A second issue that was mentioned by neither the hon. Member for Foyle (Mark Durkan) nor the hon. Member for East Londonderry is Northern Ireland’s proximity to the Irish border. Nowadays there is a large amount of cross-border trade and movement across the Euroland frontier. Anyone importing goods from southern Ireland or crossing the border to buy them will know of the substantial impact of sterling devaluation against the euro, which is probably about 15 per cent. That currency change is an important element of the increased cost of living in Northern Ireland, which may be mentioned in the winding-up speeches.

I want to develop some of the points made by the Minister and the hon. Member for Putney (Justine Greening) about the oil sector. Although the motion contains nothing desperately controversial—it is worded very openly, and I am happy to support it—I worry, like the Minister, about the constant references to a windfall from oil. It is tempting to jump on to the bandwagon, as the Conservatives and the Scottish National party have, and I am tempted to imagine that there is a pot of gold that can be spent on good causes, but I want to dwell a little on where the money comes from.

The sums that I have seen suggest that if we are talking purely about the existing windfall tax from the North sea—the petroleum revenue tax and the extra rate of corporation tax—if oil prices were maintained at their present level throughout the financial year, there could be an extra £6 billion from that source and, on similar assumptions, £3 billion or £4 billion from value added tax. That apparently quite large sum would come simply from higher oil prices.

There are two points to be made. First, we are talking about not a separate silo, but a single stream of Government revenue. What is happening to oil revenue is no different from what is happening to stamp duty or income tax.
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Some taxes are going up, while others are going down. This is not free money waiting to be allocated, and if it were allocated to something else there would presumably be an opportunity cost. That is the obvious point.

Secondly, there is a slightly more subtle point, which I think the Financial Secretary was trying to make, although I do not know how subtle it proved to be because I had to leave the Chamber. It is an economic point: as the fact that oil prices are rising contributes to a slow-down in the economy and therefore has an impact on income tax, corporation tax and all the other taxes that are going down, it is questionable whether there is a net revenue gain.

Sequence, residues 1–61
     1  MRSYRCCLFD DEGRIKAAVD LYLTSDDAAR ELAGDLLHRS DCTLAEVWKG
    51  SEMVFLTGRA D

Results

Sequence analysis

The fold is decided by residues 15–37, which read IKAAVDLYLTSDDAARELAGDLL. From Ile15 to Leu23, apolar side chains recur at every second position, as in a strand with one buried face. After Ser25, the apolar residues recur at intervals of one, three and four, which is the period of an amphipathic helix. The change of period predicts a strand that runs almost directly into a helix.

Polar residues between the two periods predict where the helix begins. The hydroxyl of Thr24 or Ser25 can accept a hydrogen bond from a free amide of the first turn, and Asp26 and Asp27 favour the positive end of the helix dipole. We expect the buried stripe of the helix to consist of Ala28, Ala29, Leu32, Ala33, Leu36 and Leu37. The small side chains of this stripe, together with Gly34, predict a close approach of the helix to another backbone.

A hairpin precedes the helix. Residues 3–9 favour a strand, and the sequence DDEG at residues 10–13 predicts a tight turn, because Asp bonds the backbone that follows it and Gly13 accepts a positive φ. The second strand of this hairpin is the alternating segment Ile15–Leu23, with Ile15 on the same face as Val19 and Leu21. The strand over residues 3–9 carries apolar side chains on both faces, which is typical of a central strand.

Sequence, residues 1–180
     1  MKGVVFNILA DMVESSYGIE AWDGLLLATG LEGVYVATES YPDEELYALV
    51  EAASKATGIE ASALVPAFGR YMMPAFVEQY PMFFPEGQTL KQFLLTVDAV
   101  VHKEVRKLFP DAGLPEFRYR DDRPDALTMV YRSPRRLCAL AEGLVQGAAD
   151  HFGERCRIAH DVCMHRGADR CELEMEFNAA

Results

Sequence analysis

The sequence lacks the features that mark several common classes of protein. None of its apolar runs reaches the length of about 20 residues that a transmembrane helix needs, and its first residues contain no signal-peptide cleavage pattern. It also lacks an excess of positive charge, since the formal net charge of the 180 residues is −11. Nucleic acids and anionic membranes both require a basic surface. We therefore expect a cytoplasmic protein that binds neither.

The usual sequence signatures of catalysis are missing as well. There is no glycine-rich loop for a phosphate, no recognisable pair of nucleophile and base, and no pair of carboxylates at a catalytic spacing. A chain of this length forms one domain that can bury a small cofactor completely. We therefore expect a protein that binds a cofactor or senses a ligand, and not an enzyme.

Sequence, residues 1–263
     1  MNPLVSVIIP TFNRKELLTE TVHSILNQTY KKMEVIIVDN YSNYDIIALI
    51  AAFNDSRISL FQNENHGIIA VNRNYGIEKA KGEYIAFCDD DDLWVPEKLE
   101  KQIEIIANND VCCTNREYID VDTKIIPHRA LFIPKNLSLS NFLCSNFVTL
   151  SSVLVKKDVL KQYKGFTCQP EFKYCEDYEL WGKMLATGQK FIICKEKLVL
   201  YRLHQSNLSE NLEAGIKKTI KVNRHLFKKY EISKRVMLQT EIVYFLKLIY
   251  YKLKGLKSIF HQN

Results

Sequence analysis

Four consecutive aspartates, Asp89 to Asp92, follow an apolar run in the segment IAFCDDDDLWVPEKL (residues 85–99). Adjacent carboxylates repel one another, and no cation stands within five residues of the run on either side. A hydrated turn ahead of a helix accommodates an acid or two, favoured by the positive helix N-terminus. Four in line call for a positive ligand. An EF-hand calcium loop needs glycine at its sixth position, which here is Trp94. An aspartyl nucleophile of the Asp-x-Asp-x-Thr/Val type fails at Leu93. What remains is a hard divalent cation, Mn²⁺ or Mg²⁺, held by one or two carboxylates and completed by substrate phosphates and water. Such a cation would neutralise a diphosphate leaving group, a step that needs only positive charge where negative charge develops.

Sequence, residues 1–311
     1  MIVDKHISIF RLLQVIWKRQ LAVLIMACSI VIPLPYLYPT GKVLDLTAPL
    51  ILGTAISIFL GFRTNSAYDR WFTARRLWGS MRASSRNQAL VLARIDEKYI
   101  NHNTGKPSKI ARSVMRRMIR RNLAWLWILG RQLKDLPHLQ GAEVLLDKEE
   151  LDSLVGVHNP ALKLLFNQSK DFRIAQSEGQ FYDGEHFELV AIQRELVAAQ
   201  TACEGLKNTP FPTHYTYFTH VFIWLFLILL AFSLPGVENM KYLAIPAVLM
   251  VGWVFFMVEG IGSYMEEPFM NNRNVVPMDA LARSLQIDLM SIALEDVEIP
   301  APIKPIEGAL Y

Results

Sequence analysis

I am on the Financial Secretary’s side, and I am somewhat sceptical about the existence of a net gain. The think-tanks have clearly reflected on the matter, which they consider to be complex, and they have not come up with any definitive conclusions. I think it would help the Government to make their own case, not only with Opposition parties but in the drawing rooms and pubs of Britain, if they explained the model that they use to produce their figures. I do not know whether the outcome would be positive or negative, but I think it would increase their credibility if they explained their calculations rather than the Financial Secretary simply telling us that she has the information on good authority. After all, it may or may not be good authority.

The hon. Member for Putney spoke of the new approach to the duty regulator. She is to be commended for coming up with a new idea that deserves serious discussion, and although I think that she will acknowledge that it is based largely on an idea that the Scottish nationalists have been advancing for some years, it has joined the mainstream of the debate, so let us discuss it.

On the basis of what the hon. Lady said today and what I heard her say on the radio during the rain intervals at Wimbledon on Sunday, I think that I have pieced the argument together, and I do not think what she is saying is enormously different from what the Government are doing. When oil prices rise, a decision is made not to increase the escalator. The difference is that the Government do that on an ad hoc basis, while the hon. Lady suggests that it should be done according to a formula.

During our last debate on the cost of living, the Chief Secretary acknowledged that the price of petrol had been reduced by, I think, about 16p a litre as a result of the freezing of the escalator since 1999. The hon. Member for Putney argues that such action could be taken more effectively if it were taken systematically. Her explanation—it was more detailed on the radio than it was today—is that because there is a cycle in prices, we can be reasonably confident that when prices rise the duty can be withheld, and when they fall again it can be increased. It all balances out in tax-neutral way.

The problem is that the oil market does not actually work in cycles. In the 19th century, when Daniel Day-Lewis was drilling for oil, there was a cycle, and then for the best part of a century there was not, because the oil industry was controlled by companies that had access to cheap oil. They controlled the supply to keep the price flat. Since then, we have had three rather random shocks: one caused by a cartel, one caused by a war and one caused by specifically economic conditions—rapidly rising demand in Asia and restrictions in capacity.